This Fairview Peak/Dixie Valley fault extended 54 miles, and in some places the ground dropped twenty feet!
The cruel aftermath of this was that it completely rearranged the groundwater system in the area. Known producing springs on the ranch just stopped flowing. Areas further down in Dixie Valley opened up new artesian springs, changing the lifeblood of the ranch. Without a reliable water source, ranching would no longer be a viable operation. Bunny’s parents hung on for a while but eventually moved on.
Middlegate station is located on the Middlegate Ranch, on the western side of Highway 722, which was once the Lincoln Highway or US 50. It was once routed around the Desatoya Range over New Pass but was rerouted over Carroll Summit in the 20’s, helping carve off a large chunk of mileage. Years later, the route was moved once again back to the original Overland trail route over New Pass.
As you travel from west to east on the Carroll Summit road, it is a pretty good pull, especially the last few miles over the summit. Then, check the brakes and hold on to your hat because you are in for a nice fairly steep and twisting ride as the road descends down toward Smith Creek Valley. The road will take a dog leg to the right and slice through a tree shaded canyon, and you might notice the remains of what was once Carroll Station. This little building was originally built in South Tahoe California, and in 1925, it was hauled from Tahoe, over the pass and squarely set in this location.
Immediately, gas pumps were put in, as well as a small store, café and, of course, a bar. The establishment enjoyed a business for a number of years. I’m pretty sure no one got rich here, but there was a steady stream of vehicles either slowly heading up the pass or barreling down from the top. It was a full service Texaco station. I was amused that Chevron had Middlegate while Texaco had the other side.
In ‘the day’ there were little taverns like this all over the state. They usually were fronted by a service station. Cars of the era had not much more than 10 gallon fuel tanks, and fuel economy? Who cares! Overheating was a constant problem, as well as tire problems. These little places were necessary. Plus, not only did they serve the travelling public, they served as the meeting place for the resident miners, cowboys, Indians, farmers, and ranchers.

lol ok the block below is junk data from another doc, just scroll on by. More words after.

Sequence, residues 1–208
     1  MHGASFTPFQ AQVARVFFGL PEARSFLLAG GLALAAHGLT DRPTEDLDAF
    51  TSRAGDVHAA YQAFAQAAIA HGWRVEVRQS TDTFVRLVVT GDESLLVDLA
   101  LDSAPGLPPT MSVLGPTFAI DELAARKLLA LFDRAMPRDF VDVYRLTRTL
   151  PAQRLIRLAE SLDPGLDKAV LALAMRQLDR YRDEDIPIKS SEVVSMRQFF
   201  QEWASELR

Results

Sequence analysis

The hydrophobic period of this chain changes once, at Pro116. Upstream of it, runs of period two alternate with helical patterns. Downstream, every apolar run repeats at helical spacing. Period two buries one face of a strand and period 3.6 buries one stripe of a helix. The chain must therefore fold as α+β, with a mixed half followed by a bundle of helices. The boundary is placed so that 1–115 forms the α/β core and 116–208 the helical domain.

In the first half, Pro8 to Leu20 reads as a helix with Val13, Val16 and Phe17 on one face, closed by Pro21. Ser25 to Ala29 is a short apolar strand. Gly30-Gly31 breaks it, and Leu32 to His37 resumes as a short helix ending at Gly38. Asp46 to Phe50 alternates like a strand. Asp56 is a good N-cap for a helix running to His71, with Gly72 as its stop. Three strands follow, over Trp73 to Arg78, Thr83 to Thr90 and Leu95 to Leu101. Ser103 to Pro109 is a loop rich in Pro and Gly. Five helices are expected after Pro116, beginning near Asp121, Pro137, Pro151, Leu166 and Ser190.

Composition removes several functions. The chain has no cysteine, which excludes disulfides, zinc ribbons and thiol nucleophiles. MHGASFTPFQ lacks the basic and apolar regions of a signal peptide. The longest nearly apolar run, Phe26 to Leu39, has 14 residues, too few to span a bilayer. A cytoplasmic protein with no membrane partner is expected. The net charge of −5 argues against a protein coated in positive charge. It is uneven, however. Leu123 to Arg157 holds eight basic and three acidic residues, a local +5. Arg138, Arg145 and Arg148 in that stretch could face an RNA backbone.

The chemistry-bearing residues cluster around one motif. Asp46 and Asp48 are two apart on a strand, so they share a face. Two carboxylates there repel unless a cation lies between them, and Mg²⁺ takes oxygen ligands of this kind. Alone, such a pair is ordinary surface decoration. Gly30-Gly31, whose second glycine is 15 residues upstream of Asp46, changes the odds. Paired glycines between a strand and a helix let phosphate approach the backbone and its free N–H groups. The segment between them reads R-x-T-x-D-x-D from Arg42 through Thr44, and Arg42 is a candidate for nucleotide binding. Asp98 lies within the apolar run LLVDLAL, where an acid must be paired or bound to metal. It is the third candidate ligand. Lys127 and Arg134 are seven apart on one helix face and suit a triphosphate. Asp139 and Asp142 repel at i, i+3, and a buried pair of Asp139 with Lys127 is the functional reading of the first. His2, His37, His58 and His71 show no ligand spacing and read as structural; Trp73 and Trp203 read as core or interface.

The people that ran these places could be a unique bunch too.
The last owners of Carroll Station before the highway was rerouted out of the Canyon were Fred and Rosie Stephens. These two were legendary in the area. You see, they were first cousins …. but married first cousins. They also were legendary for their marital spats …. not just a little screaming and yelling but real knock down drag out brawls. I heard a story that they used to lock each other in the basement of the place during these feuds. When I was there last week, I went looking for it …. and yes, there was a trap door and a few steps into a low basement. There was no way I was going down to check it out.
Fred and Rosie “were their own best customers” of their bar, and often locals would show up and the party was on. If an unsuspecting traveler would wander in, the place got quiet while everybody waited on edge to see if Fred and Rosie would welcome them as paying customers or run them off in a hail of language, with no services offered or given.
Local legend has it that on certain quiet nights Fred and Rosie’s ‘loving’ voices can be heard in and among the aspens and bushes surrounding this lonely little outpost.
I have camped here a couple of times. I like it because it is easy to get to and it is fairly level. We can get a few rigs in there and have a nice fire going. The drawback can be the way it sits in the canyon: the sun comes late and leaves early on cold fall days.